Over the last couple weeks while assembling this speech my thoughts kept returning to relationships.Undoubtedly, my thoughts in that time have been shaped by a stinging loss of an important relationship. My best friend, a fellow Indiana State Police officer, and a wonderful family man and community leader lost his 11-month battle with an aggressive cancer. A constant presence throughout most of my adult life, BobRich and I were always there for each other, always good for a laugh, a pick-me-up, or lending a hand. I’ll miss you brother. A personal loss really puts in focus what’s important. You hug your people just a little bit tighter and it’s though a spotlight illuminates the true value of your relationships. With that, I want to pause for a moment to express just how much I appreciate each of you. It’s a pleasure to work with all of the City officials and employees. And, besides having a small part in raising two great kids, serving the people of Plymouth as your Mayor has been my greatest honor. Through these relationships, we’ve built a great momentum, the state of our City is strong, and the future is bright.

Looking back across the past year, it’s evident that each of our successes are builtupon a foundation of solid relationships. A number of the quality of life initiatives we’ve recently advanced are no different. The Dr. Susan Bardwell Aquatics Center, the Marshall County Community Foundation offices, and the Growing Kids early childhood learning center you see rising from the ground along U.S. 30 involve so many key partnerships, from the Marshall County Economic Development Corporation, to the Plymouth Community School Corporation, Ancilla College, Rick & Barb Miller, the City Council, the Redevelopment Commission, and many, many more. We can look forward to ribbon cuttings at the community foundation and learning center this spring and at the aquatics center come August. After years of diligent focus, these facilities that were once just a vision are now a reality. I’m thrilled to see the positive impacts they’ll have on the lives of the people of Plymouth.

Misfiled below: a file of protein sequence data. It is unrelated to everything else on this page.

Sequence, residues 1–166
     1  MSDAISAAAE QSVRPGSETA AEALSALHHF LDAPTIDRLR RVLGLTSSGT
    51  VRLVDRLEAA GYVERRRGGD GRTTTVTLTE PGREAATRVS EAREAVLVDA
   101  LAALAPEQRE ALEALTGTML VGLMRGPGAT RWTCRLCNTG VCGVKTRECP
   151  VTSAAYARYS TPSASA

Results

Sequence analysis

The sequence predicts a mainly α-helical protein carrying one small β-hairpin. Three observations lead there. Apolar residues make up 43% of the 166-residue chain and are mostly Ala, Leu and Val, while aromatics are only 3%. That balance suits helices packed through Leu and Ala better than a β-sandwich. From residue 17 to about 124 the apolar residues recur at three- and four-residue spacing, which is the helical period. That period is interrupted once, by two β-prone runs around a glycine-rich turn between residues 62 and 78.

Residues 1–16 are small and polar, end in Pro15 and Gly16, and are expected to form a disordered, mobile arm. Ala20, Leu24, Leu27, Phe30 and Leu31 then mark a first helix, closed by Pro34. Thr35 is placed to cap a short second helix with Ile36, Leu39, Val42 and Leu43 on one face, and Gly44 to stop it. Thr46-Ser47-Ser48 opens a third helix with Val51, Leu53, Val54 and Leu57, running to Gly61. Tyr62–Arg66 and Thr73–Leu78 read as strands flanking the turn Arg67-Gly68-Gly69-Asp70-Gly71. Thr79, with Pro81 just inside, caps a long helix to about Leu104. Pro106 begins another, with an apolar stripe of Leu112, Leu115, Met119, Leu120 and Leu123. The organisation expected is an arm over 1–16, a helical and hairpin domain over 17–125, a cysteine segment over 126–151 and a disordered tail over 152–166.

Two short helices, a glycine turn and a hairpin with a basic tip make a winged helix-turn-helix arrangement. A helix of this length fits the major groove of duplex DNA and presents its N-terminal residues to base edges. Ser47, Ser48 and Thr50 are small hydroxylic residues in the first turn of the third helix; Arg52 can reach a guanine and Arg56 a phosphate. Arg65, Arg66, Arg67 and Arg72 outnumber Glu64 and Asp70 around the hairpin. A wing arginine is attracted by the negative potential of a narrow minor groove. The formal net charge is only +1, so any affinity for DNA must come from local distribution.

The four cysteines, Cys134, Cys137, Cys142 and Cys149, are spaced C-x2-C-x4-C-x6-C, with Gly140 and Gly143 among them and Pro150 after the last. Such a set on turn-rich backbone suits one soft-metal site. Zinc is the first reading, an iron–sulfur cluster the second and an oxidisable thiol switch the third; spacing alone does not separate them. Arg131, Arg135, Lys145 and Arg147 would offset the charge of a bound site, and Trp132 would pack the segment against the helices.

With the help of the State, we’ve made strides in improving our Park’s trail system. After receiving an INDOT grant, we engaged consultants who are currently designing the plans for the renovation of the historic LaPorte Street Footbridge. This project will restore the State’s oldest footbridge still in use to better than its former glory. Just across the street, another INDOT grant made possible the second phase of our Greenway Trail, which is currently under construction. The new footbridge over the Mighty Yellow, boardwalk, and multiuse path connecting phase one of the trail to Gill Park and River Park Square will open later this year. And, just last week, the City applied for yet another grant opportunity through the State’s Next Level Trails program, seeking funding to complete phase three of the trail winding throughout River Park Square to the South Gateway. Nearby, the community has long envisioned a kayak launch for River Park Square. That too will become a reality this year, with funding from the Park Board, the State’s Office of Community and Rural Affairs, and more than $16,000 in contributions from you and many of your neighbors through the online crowd funding website Patronicity. What a truly innovative way to make things happen. Our relationship with our State government partners remains solid and with their participation we’re glad to deliver these exciting new enhancements.

River Park Square was really put to the test last year, when she saw just how mighty the Yellow River can be during the historic 2018 flood. In that time of crisis, the power of relationships was on full display. The people of Plymouth took care of each other. And so many others from far and wide came to lend a hand. The City and County governments in cooperation stepped up with funding to coordinate the relief and clean-up efforts. While the flood’s immediate aftermath is in the rear view mirror, the long-term recovery efforts are ongoing. Planning for future events, we’re in contact with homeowners who might wish to sell their properties and we’re in communication with the State’s Hazard Mitigation Officer to apply for the next round of FEMA housing acquisition funding when it opens up. A year out, the spirit of volunteerism and caring that grew out of this natural disaster still swells my heart.